Gordon had gone 66 races without seeing victory lane. Not a long time for some of the sports veteran drivers but an eternity for the four-time Cup champion. Interestingly Gordon hasn’t won a championship as a driver since he became a Cup car owner. Gordon is part owner of the #48 team that has won five championships since he won his last.
There was a time in the sport that the cries of “anyone but Gordon” were heard loud and clear well before the statement came to be used for Gordon’s protege Jimmie Johnson. But with the long winless streak now behind him the question is has Gordon moved into the next level of fan recognition?
There seems to be a point in a lot of athlete’s careers where they move from a polarizing figure to the beloved veteran and it seems that Gordon may have made that move with his win this past week in Phoenix. Other drivers have been there; from Darrell Waltrip to Rusty Wallace to Dale Earnhardt, Sr., drivers who early in their careers had a “love ‘em or hate ‘em” persona. Then a defining moment moves them into a new realm of fan acceptance.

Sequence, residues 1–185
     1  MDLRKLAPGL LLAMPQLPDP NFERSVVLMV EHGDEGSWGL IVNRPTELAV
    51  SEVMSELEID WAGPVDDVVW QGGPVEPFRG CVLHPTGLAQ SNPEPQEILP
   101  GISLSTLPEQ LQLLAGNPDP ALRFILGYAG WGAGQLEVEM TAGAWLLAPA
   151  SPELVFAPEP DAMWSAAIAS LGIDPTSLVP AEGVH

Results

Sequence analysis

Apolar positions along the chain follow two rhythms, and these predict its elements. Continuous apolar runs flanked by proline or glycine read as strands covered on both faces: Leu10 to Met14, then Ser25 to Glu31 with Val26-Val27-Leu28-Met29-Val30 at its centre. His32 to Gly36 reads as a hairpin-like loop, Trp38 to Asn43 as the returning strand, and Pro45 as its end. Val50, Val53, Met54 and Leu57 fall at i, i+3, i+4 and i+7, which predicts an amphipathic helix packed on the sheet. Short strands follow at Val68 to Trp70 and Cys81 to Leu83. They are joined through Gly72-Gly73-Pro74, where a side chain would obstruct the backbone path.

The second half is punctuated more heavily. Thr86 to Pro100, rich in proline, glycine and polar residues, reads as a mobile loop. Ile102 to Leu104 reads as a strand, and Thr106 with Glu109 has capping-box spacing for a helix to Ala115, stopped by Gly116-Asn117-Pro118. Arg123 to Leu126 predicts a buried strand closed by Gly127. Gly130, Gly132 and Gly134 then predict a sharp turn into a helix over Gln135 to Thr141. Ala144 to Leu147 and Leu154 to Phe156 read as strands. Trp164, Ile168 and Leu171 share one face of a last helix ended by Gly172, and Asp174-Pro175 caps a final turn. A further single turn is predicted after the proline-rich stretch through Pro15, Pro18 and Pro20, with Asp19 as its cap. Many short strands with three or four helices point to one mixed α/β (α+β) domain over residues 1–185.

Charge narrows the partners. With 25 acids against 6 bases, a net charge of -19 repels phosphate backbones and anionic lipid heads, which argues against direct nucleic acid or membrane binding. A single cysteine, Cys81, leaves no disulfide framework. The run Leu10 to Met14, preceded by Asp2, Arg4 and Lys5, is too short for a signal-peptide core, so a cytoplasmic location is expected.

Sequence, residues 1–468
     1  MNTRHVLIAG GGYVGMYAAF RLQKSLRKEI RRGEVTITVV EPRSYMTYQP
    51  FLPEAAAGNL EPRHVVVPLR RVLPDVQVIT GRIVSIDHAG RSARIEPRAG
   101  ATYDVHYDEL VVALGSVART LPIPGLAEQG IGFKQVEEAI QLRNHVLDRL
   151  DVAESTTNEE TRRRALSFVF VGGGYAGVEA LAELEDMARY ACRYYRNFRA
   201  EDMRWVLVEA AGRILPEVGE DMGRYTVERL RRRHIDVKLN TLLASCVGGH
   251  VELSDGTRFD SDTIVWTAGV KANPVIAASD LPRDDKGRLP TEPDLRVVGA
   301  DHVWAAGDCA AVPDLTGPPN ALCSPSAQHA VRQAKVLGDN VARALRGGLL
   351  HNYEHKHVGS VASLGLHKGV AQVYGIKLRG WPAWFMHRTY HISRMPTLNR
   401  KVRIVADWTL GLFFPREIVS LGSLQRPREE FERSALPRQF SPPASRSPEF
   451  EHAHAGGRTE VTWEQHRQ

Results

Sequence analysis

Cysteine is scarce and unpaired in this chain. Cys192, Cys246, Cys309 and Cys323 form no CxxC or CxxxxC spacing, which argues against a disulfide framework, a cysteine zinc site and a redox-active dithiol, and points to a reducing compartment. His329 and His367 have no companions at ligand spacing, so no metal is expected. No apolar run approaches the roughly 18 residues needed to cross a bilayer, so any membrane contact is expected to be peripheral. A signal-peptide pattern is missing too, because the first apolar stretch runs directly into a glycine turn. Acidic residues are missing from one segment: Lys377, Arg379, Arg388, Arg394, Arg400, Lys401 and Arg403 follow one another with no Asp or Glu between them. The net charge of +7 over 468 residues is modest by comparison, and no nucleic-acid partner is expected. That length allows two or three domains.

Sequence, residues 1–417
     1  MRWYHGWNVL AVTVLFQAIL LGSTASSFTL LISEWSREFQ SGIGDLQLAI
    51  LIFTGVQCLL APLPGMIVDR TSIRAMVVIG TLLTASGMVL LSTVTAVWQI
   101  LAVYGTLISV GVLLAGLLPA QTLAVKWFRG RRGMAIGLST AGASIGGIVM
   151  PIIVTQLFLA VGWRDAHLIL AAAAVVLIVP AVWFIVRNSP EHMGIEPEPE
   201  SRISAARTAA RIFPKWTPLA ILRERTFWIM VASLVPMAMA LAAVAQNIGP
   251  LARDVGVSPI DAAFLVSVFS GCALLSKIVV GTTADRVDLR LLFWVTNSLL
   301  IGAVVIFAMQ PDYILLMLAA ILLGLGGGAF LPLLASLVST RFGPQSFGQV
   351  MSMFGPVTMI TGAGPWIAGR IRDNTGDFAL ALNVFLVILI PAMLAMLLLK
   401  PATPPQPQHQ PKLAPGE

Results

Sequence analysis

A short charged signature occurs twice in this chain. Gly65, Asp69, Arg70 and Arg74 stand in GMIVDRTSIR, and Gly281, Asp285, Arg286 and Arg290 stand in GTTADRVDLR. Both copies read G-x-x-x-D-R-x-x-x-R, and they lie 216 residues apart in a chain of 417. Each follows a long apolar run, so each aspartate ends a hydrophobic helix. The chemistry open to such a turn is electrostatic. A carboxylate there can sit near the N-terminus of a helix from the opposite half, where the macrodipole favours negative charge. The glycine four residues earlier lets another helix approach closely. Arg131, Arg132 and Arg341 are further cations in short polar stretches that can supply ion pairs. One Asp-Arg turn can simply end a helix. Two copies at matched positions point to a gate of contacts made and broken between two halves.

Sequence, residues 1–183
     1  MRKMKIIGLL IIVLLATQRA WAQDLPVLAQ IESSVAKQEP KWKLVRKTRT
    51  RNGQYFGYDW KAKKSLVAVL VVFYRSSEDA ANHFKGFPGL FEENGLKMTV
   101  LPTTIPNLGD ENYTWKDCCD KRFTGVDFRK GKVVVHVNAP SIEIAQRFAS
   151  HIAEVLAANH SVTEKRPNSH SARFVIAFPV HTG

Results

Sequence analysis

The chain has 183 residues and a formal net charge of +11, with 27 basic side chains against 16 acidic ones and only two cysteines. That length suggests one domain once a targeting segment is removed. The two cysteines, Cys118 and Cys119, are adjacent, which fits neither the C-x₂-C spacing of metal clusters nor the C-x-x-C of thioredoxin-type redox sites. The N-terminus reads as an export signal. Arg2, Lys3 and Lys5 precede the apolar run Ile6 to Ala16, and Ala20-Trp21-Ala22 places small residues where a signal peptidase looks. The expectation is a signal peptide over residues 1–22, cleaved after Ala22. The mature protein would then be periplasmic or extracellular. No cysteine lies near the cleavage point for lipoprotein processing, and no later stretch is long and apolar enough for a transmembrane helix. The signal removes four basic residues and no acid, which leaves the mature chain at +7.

Many times it revolves around a single win, championship or moment after suffering months or years of toil. Hardship and lack of success for a period of time after a career full of triumphs somehow makes the fans find a new respect for their former nemesis. The phenomenon isn’t relegated to the sport of racing; but can be found throughout the sporting world. Athletes like Reggie Jackson, Brett Favre and Jimmy Conners all have seen the acceptance of fans at a new level once their heyday has been completed.
Gordon may be beyond another championship; but never again will you hear fans bemoan him his victories. Gordon has proven once again that he can win a race and for NASCAR fans a smattering of them as he winds down his career will be just fine, thank you.
As an aside–Is it just me; or does Jeff look a lot like Ray Evernham in the above picture?
photo credit: BethAnne Heisler/ON PIT ROW